Facebook’s Acquisition of WhatsApp Will Not Force the App to Sell Out on Its Ad-Free Promise

In a not-so-shocking announcement that will likely cause user delight and developer dismay, it has been confirmed that Facebook’s acquisition of WhatsApp will not snatch the messenger away from its ad-free roots.

Instead, however, Facebook’s Messenger app will open its doors to developers who wish to deeplink their apps into Facebook’s original messaging platform.

It’s a strategy that certainly isn’t new and was expected by many tech lovers after TechCrunch busted the myth that WhatsApp would soon be filled with annoying game invitations and third-party advertisements.

Not to mention the fact that David Marcus, the head of Facebook’s Messenger, hinted during an interview last year that WhatsApp users had nothing to worry about.

Rather than transform WhatsApp into something new, Facebook is merely adding the lovably simplistic app to its repertoire of communication tools.

This allows users to still have access to a simple, ad-free messaging option while Facebook holds on to its newest brand motto of “too much is never enough.”

So it will be Facebook’s Messenger Platform that gives developers the link to the platform’s millions of users that they’ve been looking for, not WhatsApp.

In the grander scheme of things, it seems like a fair deal.

Developers get to use Facebook’s Messenger to sink their teeth into roughly 700 million monthly users while WhatsApp remains true to the mantra that helped launch it to success in the first place.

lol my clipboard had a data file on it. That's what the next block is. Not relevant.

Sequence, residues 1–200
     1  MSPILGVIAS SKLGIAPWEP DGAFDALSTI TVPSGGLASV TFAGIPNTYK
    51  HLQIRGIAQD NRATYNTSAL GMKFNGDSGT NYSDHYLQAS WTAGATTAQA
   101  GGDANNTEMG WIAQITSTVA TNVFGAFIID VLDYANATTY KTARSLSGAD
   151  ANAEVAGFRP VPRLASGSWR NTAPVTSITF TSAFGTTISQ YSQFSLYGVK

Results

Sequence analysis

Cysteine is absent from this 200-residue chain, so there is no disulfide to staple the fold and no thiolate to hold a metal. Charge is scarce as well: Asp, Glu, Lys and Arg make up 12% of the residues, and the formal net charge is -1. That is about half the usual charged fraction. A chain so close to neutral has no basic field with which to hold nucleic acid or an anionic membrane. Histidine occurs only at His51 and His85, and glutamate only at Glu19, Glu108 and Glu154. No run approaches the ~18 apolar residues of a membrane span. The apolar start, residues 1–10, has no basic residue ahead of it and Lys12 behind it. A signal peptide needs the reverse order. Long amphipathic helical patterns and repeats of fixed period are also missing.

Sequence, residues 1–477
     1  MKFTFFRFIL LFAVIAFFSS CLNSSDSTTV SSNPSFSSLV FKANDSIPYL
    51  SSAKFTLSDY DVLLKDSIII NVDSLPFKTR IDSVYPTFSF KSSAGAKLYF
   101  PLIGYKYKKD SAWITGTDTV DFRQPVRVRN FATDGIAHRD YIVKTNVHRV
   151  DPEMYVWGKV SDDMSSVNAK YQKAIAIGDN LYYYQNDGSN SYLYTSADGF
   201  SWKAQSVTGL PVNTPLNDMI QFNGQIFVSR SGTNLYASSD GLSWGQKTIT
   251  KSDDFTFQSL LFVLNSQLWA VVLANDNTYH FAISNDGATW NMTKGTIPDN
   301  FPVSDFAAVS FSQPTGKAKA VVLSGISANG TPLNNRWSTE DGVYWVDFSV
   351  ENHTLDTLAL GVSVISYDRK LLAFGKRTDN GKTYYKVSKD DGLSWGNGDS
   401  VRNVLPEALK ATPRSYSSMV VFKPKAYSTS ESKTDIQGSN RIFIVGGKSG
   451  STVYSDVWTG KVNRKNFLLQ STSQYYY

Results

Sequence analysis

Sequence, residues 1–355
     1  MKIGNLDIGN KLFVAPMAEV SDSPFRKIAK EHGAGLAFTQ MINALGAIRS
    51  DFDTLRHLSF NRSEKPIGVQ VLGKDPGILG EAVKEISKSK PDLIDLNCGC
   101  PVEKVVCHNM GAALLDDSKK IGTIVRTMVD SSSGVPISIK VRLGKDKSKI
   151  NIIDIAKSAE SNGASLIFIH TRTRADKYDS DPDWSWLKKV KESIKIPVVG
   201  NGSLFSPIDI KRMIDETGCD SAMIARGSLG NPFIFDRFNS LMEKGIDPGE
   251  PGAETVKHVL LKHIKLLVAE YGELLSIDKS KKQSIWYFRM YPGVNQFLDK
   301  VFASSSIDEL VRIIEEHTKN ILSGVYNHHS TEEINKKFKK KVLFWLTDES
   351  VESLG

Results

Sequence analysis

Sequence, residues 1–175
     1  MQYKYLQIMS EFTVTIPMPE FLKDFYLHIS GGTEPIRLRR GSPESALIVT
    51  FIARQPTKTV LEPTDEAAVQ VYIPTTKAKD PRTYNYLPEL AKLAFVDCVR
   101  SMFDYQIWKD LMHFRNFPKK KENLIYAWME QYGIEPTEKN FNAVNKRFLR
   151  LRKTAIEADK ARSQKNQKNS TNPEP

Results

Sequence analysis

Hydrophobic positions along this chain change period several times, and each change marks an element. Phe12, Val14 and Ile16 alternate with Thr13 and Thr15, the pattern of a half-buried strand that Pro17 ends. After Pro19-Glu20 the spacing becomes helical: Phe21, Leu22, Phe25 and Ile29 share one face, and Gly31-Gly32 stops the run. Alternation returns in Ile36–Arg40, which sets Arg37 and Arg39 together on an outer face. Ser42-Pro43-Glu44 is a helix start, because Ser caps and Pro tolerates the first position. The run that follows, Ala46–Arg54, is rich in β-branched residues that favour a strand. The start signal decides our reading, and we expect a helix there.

“No Ads! No Games! No Gimmicks!”

In fact, it was back in 2012 when WhatsApp posted a detailed blog about why it refuses to sell ads even though that decision has left many developers with their arms folded in the corner or simply walking out in the middle of the WhatsApp co-founder’s presentation.

The latter is not playful banter or a hypothetical situation.

It’s the reality that WhatsApp co-founder Brian Acton was met with Wednesday during a panel discussion at Facebook’s F8 developer conference in San Francisco.

Acton was joined by other executives on the panel, but he was clearly one subject that the group of developers had a particular interest in.

Why? Because this was the man who became a wealthy entrepreneur by putting consumer experience over developers’ desires.

During the discussion, one developer publicly pleaded with Acton to shift gears and allow his app to “connect with its large user base overseas,” CNET reported. It was a plea that was met with a roar of applause.

Acton’s answer, however, would soon spark the sound of groans, shuffles and heavy footsteps.

“It’s a very careful and difficult thing for me to say here,” Acton said. “No, we don’t have any plans right now at this time.”

Acton added that while he understood what the developers wanted and was “empathetic” to their cause to extend certain tools and services to users across the globe, he also wasn’t willing to sell out on WhatsApp’s classic mantra.

“I receive emails from people on a routine basis that want to either run their business or want to run something using WhatsApp as a backbone of their communication, but we’re balancing that with the user experience,” he said. “User experience is something we have to hold sacred … we want messages to be wanted, not solicited.”

The panel discussion had not come to a close, but Acton’s response single-handedly brought an early end for some attendees who decided to leave the room after his refusal to budge, CNET reported.

It’s unclear if developer access to Facebook’s Messenger app will be enough to ease tensions and calm the waters, but for the users who have been loyally turning to WhatsApp for all their communication needs, it was certainly the right call.

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